Alzheimer's disease · Bob Dylan · Burnout · Caregiver

“Knocking on heaven’s door” / September 16, 2006

Only over the past couple of months have I understood what is meant by “caregiver’s burnout.” Waking up each morning with a sick feeling in the pit of my stomach, going to bed at night with a head full of circling obligations and regrets. Catching myself in the middle of the rare pleasant experience and thinking, “Whoa. Not so fast–don’t get TOO relaxed…” Envying the person ahead of me in line at Target because I imagine that she lives the kind of trouble-free life I don’t have. What’s funny about the last statement is my knowing that no one actually has such a life–a couple of months ago I was waiting in line at Dunkin’ Donuts and ahead of me was a man I’d gone to grammar school with, many years before. I almost spoke to him but before I got up the nerve, he’d gotten his coffee and was gone. And then this past week I saw his mother’s obituary in the local paper: she had had Alzheimer’s Disease.

But part of the power of such intense, jagged, fear-ridden experiences as caring for someone with AD is the black-hole effect. Everything around you gets sucked in, everything else is somehow related to your troubles and assumes their nature. Even the relatively minor headaches–the car muffler coming loose or losing the brand new book of stamps you just bought–become “And now–THIS!!” moments. Reverberations of the primary heartbreak as it pounds away at you.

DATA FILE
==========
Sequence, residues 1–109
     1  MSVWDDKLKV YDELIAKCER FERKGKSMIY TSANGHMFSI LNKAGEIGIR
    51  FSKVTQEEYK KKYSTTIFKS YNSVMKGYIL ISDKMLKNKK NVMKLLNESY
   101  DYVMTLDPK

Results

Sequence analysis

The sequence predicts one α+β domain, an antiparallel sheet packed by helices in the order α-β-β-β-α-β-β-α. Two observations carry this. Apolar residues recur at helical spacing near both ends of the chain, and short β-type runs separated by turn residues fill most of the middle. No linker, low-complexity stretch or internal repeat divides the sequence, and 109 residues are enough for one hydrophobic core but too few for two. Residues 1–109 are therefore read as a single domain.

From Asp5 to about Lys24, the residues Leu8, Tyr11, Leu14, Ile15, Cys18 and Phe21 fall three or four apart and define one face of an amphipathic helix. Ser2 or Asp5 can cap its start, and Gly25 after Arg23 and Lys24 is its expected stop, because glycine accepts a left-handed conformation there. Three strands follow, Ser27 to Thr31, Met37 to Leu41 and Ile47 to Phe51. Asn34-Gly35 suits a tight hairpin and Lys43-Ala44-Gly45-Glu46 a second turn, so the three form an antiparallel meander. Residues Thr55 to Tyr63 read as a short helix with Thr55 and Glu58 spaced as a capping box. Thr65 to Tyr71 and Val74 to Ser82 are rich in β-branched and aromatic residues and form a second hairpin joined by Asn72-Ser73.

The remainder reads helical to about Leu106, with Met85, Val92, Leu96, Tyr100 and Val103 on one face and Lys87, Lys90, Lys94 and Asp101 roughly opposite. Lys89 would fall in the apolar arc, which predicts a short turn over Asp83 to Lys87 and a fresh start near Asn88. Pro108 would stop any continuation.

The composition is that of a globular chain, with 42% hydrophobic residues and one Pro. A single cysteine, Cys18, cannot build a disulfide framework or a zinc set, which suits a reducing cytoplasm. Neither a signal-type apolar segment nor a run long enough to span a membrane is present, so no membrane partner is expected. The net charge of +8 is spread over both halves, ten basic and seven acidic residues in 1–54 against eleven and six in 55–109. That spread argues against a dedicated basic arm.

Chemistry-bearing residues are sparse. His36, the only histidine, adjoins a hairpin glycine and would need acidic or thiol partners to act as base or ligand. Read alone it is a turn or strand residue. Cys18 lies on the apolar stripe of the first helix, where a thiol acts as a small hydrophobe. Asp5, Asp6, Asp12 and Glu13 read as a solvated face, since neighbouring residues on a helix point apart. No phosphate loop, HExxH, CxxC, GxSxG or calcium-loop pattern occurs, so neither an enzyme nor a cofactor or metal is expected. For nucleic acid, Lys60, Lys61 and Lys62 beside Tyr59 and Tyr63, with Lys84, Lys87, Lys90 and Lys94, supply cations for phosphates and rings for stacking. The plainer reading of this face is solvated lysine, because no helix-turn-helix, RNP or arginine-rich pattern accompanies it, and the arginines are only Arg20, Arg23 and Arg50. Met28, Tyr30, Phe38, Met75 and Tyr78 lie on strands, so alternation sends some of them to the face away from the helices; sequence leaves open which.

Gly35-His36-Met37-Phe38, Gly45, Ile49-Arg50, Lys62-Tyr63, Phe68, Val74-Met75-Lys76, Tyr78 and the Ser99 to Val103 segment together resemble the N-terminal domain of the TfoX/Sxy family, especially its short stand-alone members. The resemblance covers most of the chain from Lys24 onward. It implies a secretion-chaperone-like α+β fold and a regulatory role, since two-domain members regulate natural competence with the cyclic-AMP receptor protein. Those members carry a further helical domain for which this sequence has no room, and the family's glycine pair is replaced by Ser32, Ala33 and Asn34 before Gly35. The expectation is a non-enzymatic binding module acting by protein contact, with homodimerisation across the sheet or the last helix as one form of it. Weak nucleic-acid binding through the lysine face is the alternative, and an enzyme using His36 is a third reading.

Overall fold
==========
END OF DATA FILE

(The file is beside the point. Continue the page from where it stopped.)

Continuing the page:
Months ago I’d bought tickets to see Bob Dylan perform locally. As the concert approached I became anxious–I couldn’t pull myself out of my tight little orbit. First of all, I’d have to arrange for someone to spend the evening with my mother–otherwise, I’d never be able to relax. And then I’d have to take responsibility for my friends’ evening–if I bailed out or had to leave early, I’d be spoiling the experience for them, too. Then I realized that the worst-case scenario would be if I actually began to have a good time and then had to face the wake-up call of reality. So I sold the tickets. As the Man himself says, “You Ain’t Goin’ Nowhere”…

Shadows are falling and I’ve been here all day
It’s too hot to sleep time is running away
Feel like my soul has turned into steel
I’ve still got the scars that the sun didn’t heal
There’s not even room enough to be anywhere
It’s not dark yet, but it’s getting there

Bob Dylan, “Not Dark Yet” from Time Out of Mind

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